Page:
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Egypt Isn’t the Country With The Most Pyramids; This Country Has 255 Of Them





When someone says “pyramid,” the first thing that comes to mind is Egypt. The country is known for its historical and jaw-dropping structures from thousands of years ago. But there’s another country that has quite a number of pyramids to show off: Sudan. How did this Northern African country come to have its own towering pyramids? It all has to do with history and Egypt’s influence on the country.

The area of the Nile Valley known as Nubia in present-day Sudan was home to three Kushite kingdoms. The first had its capital at Kerma (2600–1520 BC), the second at Napata (1000–300 BC), and the last at Meroë (300 BC–AD 300). Kerma had its own architectural style and burial customs, while Napata and Meroë were heavily influenced by Egypt.

The Kushite kingdoms competed strongly with Egypt in terms of economy and military.

Outdoor Revival reports that in 751 BC, Kushite King Piankhi overthrew the 24th Dynasty and united the entire Nile Valley under his rule. Piankhi and his successors ruled as pharaohs of the 25th Dynasty, and the Napatan domination ended with the Assyrian conquest of Egypt in 656 BC.

Around 255 pyramids were constructed at three sites in Nubia over a period of a few hundred years.

The pyramids served as tombs for kings and queens. The first three pyramids were built at the site of El-Kurru, and fourteen more were constructed for queens, some of whom were known as warrior queens.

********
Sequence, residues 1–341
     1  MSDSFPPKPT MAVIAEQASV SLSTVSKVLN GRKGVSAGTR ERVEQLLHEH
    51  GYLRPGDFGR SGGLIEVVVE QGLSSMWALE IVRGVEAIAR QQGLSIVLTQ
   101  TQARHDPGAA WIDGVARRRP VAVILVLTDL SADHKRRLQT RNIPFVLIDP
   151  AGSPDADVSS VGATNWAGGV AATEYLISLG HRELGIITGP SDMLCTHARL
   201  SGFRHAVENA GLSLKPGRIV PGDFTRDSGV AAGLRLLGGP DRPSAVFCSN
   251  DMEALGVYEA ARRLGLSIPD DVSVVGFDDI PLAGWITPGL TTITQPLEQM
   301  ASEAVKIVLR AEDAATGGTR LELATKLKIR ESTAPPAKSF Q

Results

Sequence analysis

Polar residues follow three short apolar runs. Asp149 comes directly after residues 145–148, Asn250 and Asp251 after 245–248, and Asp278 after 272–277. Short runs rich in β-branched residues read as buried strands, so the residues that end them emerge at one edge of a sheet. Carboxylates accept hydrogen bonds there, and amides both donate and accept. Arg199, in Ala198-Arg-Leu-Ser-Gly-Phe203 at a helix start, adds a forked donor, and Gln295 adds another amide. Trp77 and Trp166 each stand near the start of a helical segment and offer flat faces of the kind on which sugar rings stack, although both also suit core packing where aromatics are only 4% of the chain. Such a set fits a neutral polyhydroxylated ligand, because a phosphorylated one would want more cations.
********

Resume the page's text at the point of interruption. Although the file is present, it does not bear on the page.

Later on, Napatan pyramids were constructed at Nuri on the west bank of the Nile in Upper Nubia. This became the burial site of 21 kings and 52 queens and princes. The oldest and largest pyramid at Nuri is that of the Napatan King and 25th Dynasty Pharaoh Taharqa.

The most extensive Nubian pyramid site is at Meroë, where over 40 kings and queens were buried.

Nubian pyramids differ slightly from Egyptian ones. Nubian pyramids are built of stepped courses of horizontally positioned stone blocks. They range from approximately 6 to 30 meters in height, but they rise from small foundation footprints that rarely go beyond 8 meters in width. These resulted in taller and narrower structures.

Nubian pyramid tombs were often plundered in ancient times.

Historical evidence shows that the royals buried in the tombs were mummified, covered with jewelry, and put in wooden mummy cases. Explorations in the 19th and 20th centuries revealed some pyramids contained the remains of bows, quivers of arrows, archers’ thumb rings, wooden boxes, furniture, colored glass, pottery, and other artifacts that proved Meroitic trade with Egypt.

In the 1830s, the Nubian pyramids were even more damaged when Italian doctor-turned-explorer Giuseppe Ferlini blew the tops off around 40 tombs while looking for treasure.

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